The threats are also there, and it is up to us, in strong coordination with all of our partners, to counter the spread of terrorism and extremism that are already destabilizing the region. We must continue to fight terrorism, irrespective of the identity and of the objectives of its authors, and I reiterate that as far as cooperation in this field is concerned, Romania remains an active and effective international partner.

Romania is still outside the Schengen area with the rule of law being one of the main subjects of concern for its European partners. What is Romania’s current plan for joining Schengen and what can be done to strengthen its partners’ confidence vis-à-vis of the rule of law and Judiciary independence? How can Romania consolidate its anticorruption reform?

I must emphasize several aspects. On the one hand, I am honored to lead and the Romanian Social-Democratic Party is fully committed to strengthening the rule of law and ensuring the independence of the judiciary. We have proven our commitments to our international partners over the past two years and we will follow them. Maintaining the independence of the judiciary and observing the rule of law are paramount for the development of our country.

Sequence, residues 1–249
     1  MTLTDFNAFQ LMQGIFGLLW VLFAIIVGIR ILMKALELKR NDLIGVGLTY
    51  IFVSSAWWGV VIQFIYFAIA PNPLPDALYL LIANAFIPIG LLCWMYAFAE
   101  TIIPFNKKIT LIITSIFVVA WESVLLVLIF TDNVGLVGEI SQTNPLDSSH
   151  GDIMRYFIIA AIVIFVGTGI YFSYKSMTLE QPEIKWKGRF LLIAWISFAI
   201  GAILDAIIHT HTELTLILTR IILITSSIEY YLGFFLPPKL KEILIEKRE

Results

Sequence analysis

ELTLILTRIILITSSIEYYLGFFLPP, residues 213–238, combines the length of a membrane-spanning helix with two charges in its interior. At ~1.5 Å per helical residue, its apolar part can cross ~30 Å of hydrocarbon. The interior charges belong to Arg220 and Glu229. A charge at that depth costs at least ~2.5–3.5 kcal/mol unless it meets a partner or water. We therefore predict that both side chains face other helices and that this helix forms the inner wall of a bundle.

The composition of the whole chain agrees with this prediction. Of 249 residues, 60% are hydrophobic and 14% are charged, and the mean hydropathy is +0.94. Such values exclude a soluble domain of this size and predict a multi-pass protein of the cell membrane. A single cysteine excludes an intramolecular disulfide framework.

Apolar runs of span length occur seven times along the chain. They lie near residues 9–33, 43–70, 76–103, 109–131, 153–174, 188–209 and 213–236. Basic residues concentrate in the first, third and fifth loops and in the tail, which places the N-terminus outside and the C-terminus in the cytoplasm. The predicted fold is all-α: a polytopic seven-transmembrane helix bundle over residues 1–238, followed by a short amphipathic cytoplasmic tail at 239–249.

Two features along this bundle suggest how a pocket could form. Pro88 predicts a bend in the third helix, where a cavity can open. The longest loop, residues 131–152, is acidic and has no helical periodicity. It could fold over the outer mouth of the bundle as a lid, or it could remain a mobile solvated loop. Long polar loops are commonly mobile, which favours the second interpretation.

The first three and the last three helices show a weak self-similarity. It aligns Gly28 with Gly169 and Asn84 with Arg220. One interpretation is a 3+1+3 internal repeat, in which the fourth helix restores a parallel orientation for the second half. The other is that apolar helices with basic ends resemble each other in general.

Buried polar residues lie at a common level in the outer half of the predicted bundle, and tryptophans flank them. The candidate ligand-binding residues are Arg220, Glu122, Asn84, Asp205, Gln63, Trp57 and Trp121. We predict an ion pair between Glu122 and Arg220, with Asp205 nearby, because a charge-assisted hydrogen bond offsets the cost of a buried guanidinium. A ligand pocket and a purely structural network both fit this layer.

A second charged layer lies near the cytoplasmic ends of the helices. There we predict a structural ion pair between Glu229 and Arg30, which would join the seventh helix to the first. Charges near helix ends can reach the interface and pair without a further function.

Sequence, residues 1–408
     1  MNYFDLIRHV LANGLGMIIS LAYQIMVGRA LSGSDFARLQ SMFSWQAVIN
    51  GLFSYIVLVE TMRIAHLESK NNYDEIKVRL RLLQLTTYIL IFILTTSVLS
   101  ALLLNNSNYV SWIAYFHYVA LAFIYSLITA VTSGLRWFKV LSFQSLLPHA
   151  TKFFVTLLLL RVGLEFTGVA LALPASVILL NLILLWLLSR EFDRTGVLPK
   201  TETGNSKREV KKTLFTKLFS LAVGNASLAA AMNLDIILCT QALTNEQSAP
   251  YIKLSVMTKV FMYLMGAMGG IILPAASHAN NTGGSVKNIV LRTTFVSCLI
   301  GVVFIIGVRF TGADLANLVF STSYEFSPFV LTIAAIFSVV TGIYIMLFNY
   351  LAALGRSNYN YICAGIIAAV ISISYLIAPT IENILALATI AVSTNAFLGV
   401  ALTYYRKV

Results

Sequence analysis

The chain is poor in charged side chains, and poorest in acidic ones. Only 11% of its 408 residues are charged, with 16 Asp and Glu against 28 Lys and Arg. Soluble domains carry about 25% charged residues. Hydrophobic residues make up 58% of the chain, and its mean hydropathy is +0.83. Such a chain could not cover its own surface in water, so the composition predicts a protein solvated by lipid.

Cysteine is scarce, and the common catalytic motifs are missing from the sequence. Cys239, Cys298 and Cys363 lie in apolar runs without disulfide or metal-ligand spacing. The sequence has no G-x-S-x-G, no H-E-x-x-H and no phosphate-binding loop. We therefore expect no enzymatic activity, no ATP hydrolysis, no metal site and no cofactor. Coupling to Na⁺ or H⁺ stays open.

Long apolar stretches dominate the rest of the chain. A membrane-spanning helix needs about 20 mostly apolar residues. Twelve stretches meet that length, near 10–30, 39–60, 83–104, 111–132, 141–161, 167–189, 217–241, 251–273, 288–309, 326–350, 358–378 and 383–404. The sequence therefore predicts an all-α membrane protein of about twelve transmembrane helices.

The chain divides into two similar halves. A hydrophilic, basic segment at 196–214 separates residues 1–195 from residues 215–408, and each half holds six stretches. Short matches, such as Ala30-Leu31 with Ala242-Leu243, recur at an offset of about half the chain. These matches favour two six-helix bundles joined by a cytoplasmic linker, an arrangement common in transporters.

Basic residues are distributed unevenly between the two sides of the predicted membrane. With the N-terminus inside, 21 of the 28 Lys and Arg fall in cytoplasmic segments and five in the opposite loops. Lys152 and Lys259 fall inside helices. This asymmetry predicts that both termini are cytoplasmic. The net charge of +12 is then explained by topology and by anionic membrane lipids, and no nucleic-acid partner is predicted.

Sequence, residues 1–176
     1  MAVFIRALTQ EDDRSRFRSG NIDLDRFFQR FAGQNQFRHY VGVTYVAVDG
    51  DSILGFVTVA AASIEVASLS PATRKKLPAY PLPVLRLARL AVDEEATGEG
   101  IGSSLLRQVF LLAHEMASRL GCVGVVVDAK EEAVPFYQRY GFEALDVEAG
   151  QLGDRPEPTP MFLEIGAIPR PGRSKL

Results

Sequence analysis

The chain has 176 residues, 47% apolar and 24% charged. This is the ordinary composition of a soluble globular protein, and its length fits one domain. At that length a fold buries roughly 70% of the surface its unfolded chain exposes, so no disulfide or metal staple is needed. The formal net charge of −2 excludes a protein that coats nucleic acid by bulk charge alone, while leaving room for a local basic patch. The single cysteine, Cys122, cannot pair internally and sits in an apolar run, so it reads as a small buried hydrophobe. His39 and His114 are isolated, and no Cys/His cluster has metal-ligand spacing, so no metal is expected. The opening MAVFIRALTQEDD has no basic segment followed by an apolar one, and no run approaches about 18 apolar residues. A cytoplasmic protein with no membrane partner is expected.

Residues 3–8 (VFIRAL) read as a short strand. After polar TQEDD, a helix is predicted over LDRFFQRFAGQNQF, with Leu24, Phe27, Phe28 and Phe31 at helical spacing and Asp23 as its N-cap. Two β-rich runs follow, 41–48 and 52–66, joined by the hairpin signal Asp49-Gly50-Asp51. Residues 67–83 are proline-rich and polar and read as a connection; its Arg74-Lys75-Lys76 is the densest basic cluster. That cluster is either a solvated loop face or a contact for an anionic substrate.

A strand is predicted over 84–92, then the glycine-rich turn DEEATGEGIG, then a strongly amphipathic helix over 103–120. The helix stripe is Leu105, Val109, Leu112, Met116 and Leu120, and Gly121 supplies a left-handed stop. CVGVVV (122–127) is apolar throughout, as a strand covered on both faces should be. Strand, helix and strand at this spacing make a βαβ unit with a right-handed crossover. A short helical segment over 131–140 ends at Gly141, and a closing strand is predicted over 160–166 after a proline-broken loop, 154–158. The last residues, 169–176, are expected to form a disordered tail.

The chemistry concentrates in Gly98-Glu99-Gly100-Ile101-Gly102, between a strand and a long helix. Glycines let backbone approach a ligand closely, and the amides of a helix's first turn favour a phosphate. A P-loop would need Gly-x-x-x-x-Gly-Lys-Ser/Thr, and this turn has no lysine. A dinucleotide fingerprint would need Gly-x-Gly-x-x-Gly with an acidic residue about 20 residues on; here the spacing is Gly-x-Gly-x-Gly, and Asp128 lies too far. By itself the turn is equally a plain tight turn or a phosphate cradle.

On the other hand, the opposition towards Romania’s accession to the Schengen Area is a matter of political debate in some member states, which has very little to do with concerns regarding the judiciary or the rule of law. The European Parliament, the European Council, and the European Commission together have certified repeatedly that Romania fulfills all of the conditions for joining the Schengen Area. We have invested funds and efforts in order to build capable and efficient institutions and mechanisms that are meant to keep the borders of the European Union safe. However, for various political reasons, closely connected with the rise of Euro skepticism and European populism, several of our European partners have, until now, been against our accession to the Schengen Area.

We will continue to prove to them that Romania is of fulfilling its commitments and of maintaining the same high standards required for protecting the external borders. Joining the Schengen Area remains a major objective and we will continue to pursue it.

Romania PM Ponta with former U.K. PM Tony Blair

PM Ponta with former U.K. PM Tony Blair

This is an electoral year for Romania. The Romanian Social Democratic party reflects both a change in generations as well as a consolidation of a “progressive” trend that is growing around the world. What lies ahead?

PSD is the strongest political party in Romania and, during the past few years, it has managed to undergo a process of modernization, while at the same time consolidating its ideological and political dimensions. The major force of PSD comes from the experience and the expertise of its members, as well as from the progressive view it proposes on the Romanian political scene.

We are the party of all generations, a party that respects its past and at the same time supports the young generation. We believe this positive, constructive, and inclusive approach is what Romania needs for the coming years. We want PSD to continue to act as an engine of change in Romanian society, and this is what increases the importance of the upcoming presidential elections.